The Kai's the limit

The Kai's the limit
After noticing the explosion of artisan food and our thirst for more and more goodies, Greig Buckley decided to give it an e-commerce twist.

After noticing the explosion of artisan food and our thirst for more and more goodies, Greig Buckley decided to give it an e-commerce twist.

Greig Buckley - Kai

Greig Buckley, pictured at Villa Maria with sculpture Surrounded by Elaine Barry Conway

Buckley, founder of artisan food website Kai, started life as an accountant but he hasn’t let that limit his thirst for entrepreneurship and carving out his own path.

“It’s actually a useful skill to have when running your own business. I can do killer spreadsheets,” reckons Buckley, who used to run the Internet Advertising Bureau, and hence has a sizeable body of knowledge about advertising, internet media and brand development.

“I acquired an appreciation of the technology,” he says. “But I drew the line at code – there are far better younger people around to do that.”

Buckley founded Kai in early 2010 but it’s only recently come into its own as an up-and-coming artisan food e-commerce space. And there’s been a lot of legwork involved in getting it to market for Buckley, who owns 25 percent of the business along with a selection of investor partners who all have strong experience and knowledge in the food industry.

“They’re passionate about New Zealand food and its potential, and while they all have day jobs, they do offer great advice and expertise.”

Buckley secured the Kai domain name many years ago, at the same time getting permission from the Maori Language Commission to use the word.

“One rule in branding is don’t avoid the obvious. I chose Kai because my business is all about promoting New Zealand food – locally and globally. The name is unique, and has the advantages of being short, easy to pronounce, and doesn’t mean anything too rude in other languages.”

Kai was Buckley’s idea and he spent a good chunk of time researching options and examining similar successful models in other countries. He designed the system, processes, reports and so on himself and integrated it with an existing small e-commerce platform developed locally. Buckley reckons it’s very scalable and can be used as a turn-key business model in other markets, and in other product or service categories.

“The back end platform and systems are a critical success factor in his type of business.”

Artisan food seems to have experienced an explosion over the past few years, with everything from honey to yoghurt on the shelves. Buckley says consumers in general, but most of all buyers of artisan and specialty foods (which account for around 8-12 percent of food buyers in most Western markets) are more aware of and concerned about what they eat, its provenance and packaging.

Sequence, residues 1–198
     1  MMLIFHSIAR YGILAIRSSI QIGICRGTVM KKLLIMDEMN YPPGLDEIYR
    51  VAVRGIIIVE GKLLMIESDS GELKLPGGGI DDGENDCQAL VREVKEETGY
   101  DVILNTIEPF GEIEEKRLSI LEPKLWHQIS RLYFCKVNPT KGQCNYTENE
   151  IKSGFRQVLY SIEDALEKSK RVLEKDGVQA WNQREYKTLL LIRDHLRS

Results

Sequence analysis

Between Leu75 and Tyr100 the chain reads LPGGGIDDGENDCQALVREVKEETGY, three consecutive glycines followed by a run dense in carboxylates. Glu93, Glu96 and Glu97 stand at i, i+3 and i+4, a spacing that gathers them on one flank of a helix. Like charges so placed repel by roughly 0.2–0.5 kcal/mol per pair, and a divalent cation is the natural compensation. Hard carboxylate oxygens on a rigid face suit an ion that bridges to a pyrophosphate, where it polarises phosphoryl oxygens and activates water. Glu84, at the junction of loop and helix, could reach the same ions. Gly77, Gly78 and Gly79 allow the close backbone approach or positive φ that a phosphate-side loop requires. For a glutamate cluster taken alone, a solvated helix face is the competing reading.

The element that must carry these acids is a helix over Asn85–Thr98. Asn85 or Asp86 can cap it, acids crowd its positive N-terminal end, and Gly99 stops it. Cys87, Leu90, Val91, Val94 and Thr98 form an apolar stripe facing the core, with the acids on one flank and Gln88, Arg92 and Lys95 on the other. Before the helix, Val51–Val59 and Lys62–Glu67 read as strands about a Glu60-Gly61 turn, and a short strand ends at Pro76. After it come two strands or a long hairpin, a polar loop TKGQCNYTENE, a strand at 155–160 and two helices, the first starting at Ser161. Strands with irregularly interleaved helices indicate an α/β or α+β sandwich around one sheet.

We’re trending towards buying locally at small, intimate outlets such as farmers markets, and opting for sustainably produced food that’s unprocessed and GE-free.

Kai is selective and vets items by a set of guidelines and criteria to ensure products are sustainably produced or harvested; ingredients are high-quality; the item is as local as possible; free from preservatives and additives as much as possible; and made using handmade quality and character.

The logistics involved were “huge”, says Buckley.

“A lot of time and effort was spent on this in fact almost everyone I spoke to for advice said ‘just make sure you get the logistics right…’ So we did. So far so good. And we are always looking to improve them. The fresh products are of course the most challenging, buy we have worked out an efficient way to handle that.

“Our approach is to make it as easy as possible for the artisan suppliers, so they can concentrate on what they are good at and love – making the food. We do all the hard stuff like warehousing and order fulfilment.

Greig's top tips for e-success

1. Don't do anything in the artisan food segment. Thanks.

2. Make sure it is a category you love, and have a natural aptitude for.

3. Get the best experts you can afford to help you, and involve them as part of your team.

4. Get involved in the industry and then network and ask questions – most are happy to help

5. Expect everything to take twice as long and cost a lot more.

6. When the going gets tough, just be thankful you aren't working for a prick of a boss.

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